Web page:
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“Unprecedented” clinical negligence claims see siblings win £13 million compensation from NHS

“Unprecedented” clinical negligence claims see siblings win £13 million compensation from NHS

A mother has secured two separate multimillion pound payouts from the NHS, totaling £13 million, for her two children that were both left brain damaged following a series of medical blunders during their births. Both children suffer from cerebral palsy as a result of negligence, in a situation that has been described as unprecedented.

Medical failings and negligence under the care of the same obstetrician

Paula McKay, 45, has won £13 million in compensation for her two children that were left brain damaged following avoidable mistakes during their births. In 1991, Ms McKay gave birth to her first child at the former Sharoe Green Hospital in Preston, Lancashire, before attending the same hospital again just 17 months later to have her second child. However, a series of medical failings left both children suffering from cerebral palsy, a neurological condition that affects coordination and movement. The NHS estimates that 1 in 400 people are affected by cerebral palsy, with the condition occurring if the brain develops abnormally or is damaged before, during or shortly after birth.

Ms McKay, a former nurse, attended the hospital that was run by the now-defunct North West Strategic Health Authority to give birth to her daughter Natasha in 1991. Natasha was born several weeks premature, but was not ventilated properly. Consequently, she suffered a severe brain haemorrhage. The brain damage she suffered as a result of the haemorrhage was not discovered until some years later, but the extent of the damage is so severe that she is confined to a wheelchair and requires around-the-clock care.

Under the care of the same obstetrician, Ms McKay later gave birth to her son Patrick at Sharoe Green. The delivery of Patrick was delayed, with him being starved of oxygen. While for several months, doctor’s maintained that Patrick was simply a “lazy little boy”, he was later diagnosed as suffering from cerebral palsy, just like his sister. He too requires constant care.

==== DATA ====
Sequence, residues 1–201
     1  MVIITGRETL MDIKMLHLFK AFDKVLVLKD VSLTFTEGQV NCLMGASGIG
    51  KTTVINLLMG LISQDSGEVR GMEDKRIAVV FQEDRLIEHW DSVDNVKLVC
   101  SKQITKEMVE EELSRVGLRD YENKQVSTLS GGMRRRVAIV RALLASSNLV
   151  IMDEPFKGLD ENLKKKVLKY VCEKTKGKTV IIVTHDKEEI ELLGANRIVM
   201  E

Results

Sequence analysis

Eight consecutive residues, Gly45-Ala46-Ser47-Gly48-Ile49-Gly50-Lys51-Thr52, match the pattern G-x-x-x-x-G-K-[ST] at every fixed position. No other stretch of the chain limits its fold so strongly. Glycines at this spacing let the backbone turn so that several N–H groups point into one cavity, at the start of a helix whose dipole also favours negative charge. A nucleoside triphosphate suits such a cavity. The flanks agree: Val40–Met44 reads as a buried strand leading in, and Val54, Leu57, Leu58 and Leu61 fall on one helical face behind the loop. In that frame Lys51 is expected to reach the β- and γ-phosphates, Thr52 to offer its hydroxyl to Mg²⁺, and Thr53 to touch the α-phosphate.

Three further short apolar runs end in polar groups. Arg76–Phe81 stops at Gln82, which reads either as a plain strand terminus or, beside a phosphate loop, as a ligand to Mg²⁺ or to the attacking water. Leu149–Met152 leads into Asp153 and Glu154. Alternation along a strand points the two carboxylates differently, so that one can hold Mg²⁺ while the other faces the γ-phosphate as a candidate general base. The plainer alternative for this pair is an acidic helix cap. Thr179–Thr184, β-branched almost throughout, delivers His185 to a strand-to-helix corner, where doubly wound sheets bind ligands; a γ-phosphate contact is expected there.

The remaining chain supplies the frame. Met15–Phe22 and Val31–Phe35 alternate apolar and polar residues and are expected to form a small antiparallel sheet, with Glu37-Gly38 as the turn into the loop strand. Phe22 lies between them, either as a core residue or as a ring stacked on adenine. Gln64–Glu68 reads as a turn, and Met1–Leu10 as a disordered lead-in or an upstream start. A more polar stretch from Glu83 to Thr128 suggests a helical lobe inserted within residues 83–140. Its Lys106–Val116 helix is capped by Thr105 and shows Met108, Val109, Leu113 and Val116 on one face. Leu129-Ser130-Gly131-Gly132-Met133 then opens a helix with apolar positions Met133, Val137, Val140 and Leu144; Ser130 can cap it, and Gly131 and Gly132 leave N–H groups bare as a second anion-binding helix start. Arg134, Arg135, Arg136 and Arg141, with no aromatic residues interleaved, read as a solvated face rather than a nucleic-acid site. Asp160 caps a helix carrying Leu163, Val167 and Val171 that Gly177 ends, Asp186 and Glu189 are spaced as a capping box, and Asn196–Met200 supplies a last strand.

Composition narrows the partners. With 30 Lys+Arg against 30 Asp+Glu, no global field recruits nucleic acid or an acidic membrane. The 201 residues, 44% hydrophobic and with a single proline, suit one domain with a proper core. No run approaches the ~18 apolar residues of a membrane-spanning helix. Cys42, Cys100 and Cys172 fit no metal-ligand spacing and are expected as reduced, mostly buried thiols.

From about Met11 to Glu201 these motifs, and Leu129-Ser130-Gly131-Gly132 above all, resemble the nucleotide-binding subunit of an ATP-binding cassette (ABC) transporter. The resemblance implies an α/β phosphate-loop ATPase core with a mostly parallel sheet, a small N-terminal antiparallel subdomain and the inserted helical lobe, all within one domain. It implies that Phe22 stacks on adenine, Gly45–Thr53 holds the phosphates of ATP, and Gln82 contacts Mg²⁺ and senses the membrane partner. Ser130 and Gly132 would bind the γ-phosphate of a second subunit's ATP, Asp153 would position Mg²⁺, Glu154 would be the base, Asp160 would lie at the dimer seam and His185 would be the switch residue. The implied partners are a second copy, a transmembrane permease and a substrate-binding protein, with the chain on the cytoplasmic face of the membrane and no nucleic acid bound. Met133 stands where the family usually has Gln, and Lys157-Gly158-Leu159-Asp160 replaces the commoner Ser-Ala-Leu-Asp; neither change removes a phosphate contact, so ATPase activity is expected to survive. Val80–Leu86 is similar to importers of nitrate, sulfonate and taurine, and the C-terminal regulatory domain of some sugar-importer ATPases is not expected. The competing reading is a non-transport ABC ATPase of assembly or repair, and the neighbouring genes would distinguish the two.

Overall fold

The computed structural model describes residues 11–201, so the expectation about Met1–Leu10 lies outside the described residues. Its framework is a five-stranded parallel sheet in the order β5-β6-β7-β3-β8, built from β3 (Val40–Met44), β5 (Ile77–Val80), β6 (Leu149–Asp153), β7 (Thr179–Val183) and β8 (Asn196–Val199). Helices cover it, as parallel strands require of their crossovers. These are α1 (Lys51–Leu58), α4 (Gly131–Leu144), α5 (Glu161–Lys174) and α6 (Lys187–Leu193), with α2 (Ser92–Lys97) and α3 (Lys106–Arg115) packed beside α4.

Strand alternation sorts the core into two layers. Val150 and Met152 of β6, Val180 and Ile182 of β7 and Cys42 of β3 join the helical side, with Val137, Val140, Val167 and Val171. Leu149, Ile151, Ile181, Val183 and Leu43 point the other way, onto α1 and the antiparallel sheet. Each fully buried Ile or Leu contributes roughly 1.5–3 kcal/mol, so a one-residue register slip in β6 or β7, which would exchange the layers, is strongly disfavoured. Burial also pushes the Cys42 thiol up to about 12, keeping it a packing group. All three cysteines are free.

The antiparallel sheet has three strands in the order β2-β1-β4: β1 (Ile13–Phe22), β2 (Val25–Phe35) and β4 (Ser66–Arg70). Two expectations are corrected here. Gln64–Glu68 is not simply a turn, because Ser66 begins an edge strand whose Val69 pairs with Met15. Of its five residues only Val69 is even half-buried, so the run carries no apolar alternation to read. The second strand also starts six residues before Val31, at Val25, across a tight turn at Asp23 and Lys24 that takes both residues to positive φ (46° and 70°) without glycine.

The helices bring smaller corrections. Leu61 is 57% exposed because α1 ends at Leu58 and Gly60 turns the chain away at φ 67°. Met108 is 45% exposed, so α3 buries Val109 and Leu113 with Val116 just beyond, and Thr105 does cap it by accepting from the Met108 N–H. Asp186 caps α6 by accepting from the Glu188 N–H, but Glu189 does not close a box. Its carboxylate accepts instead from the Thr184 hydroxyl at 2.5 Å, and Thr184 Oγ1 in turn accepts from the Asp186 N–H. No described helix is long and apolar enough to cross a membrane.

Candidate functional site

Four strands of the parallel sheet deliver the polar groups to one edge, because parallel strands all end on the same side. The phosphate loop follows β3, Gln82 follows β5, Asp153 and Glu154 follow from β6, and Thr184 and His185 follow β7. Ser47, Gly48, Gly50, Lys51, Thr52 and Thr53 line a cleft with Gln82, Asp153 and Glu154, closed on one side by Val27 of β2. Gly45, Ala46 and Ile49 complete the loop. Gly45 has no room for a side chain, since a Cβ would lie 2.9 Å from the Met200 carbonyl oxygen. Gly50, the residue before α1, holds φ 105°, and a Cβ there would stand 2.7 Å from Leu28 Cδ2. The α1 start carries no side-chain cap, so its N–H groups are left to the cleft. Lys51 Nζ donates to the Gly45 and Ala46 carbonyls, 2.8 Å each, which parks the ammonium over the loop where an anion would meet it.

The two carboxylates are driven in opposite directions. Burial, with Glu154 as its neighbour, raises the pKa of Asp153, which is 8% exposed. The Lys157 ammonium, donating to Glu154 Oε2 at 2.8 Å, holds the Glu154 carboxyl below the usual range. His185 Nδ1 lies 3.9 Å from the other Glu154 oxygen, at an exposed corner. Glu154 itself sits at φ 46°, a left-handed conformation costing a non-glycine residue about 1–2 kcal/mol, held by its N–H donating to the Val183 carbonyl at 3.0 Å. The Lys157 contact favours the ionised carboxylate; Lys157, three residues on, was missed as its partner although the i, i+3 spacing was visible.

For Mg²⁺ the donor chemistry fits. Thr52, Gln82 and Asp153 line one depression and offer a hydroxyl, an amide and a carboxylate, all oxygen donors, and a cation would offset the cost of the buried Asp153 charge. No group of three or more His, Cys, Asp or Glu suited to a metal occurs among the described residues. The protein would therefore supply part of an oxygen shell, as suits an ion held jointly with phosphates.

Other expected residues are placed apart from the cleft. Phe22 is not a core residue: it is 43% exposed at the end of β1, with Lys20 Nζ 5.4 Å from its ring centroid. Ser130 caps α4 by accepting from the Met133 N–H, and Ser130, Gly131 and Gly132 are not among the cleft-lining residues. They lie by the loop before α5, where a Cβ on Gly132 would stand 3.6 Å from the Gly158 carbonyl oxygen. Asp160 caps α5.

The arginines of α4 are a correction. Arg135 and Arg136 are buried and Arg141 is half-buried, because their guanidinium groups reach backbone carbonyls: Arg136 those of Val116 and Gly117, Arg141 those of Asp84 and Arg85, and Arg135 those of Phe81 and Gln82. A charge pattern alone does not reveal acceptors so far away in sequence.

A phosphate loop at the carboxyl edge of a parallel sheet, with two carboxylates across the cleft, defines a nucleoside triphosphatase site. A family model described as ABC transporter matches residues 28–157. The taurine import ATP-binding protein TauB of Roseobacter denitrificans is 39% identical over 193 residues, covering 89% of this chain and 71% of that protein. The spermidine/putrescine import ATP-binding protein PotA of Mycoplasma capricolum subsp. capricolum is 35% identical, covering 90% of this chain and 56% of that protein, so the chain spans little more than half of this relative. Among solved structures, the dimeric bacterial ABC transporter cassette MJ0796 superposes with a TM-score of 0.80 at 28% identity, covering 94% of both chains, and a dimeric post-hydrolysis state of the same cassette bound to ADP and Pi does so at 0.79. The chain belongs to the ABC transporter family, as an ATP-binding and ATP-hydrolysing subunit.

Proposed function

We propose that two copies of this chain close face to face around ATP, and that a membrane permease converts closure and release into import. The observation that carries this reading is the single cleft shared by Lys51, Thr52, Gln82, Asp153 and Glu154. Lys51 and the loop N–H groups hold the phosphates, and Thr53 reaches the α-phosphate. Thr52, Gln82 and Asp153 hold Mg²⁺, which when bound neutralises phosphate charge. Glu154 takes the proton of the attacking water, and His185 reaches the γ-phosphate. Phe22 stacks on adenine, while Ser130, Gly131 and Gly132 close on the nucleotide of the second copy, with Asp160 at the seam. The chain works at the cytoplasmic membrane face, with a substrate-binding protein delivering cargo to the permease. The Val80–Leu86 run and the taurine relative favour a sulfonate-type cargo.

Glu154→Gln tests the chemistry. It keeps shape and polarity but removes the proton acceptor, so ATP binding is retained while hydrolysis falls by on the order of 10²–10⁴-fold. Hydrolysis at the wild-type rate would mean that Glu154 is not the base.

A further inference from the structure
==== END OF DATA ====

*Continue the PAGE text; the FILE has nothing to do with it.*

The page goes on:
The NHS vigorously contested liability

After being forced to give up work to become a full-time carer for her children, who are now 24 and 23, Ms McKay brought legal action against the North West Strategic NHS Trust for the avoidable mistakes during the deliveries of her children.

In 2010, the NHS Litigation Authority admitted liability for failings in Patrick’s care, agreeing to pay £6 million to provide for his care needs. However, liability for Natasha’s condition has only recently been admitted, with a settlement of £7 million finally reached. It is thought that this is the first case where two siblings have suffered cerebral palsy as a result of clinical negligence.

Ms McKay, who elected to have her third child, George, at Kings College Hospital, London – with the birth taking place without any complications – is unaware of any action taken directly against the medical staff involved. She said learning of her children’s diagnoses had “ripped her heart out”, and that “the first time was bad enough but we were absolutely devastated for it to happen a second time”.

The family from Leyland, Lancashire, will now use the money to pay for ongoing care needs. Ms McKay expressed relief that the issue of compensation has finally been agreed, as she no longer has to worry about how her children will be cared for when she is no longer able to do so herself. She stated: “It will ensure Natasha receives excellent ongoing care that won’t ever be affected by budget cuts. Natasha and Patrick have been through so much in their lives and it’s been heartbreaking to see them suffer at times due to the injuries they were left with.”

An NHS Litigation Authority spokesperson said: “Compensation has been agreed with the family which will assist in meeting the claimant’s current and future care needs for life. The legal case concerned tragic events surrounding the claimant’s birth almost 25 years ago”

How to make a compensation claim for medical negligence before and during child birth

You are entitled to expect a certain standard of treatment from those providing medical assistance to you. If this treatment falls below standard you may be entitled to recover the cost of the private medical treatment needed to correct the failings on the part of those originally treating you.

If you want to enquire about making a compensation claim for hospital negligence associated with pregnancy, child birth and maternity care, please contact one of our medical negligence lawyers on 01895 207835 or 01895 207295. Alternatively, you can send an email with your name and contact information and brief details as to the nature of the medical negligence and the injuries sustained to PI@ibblaw.co.uk and one of our team will be able to help you.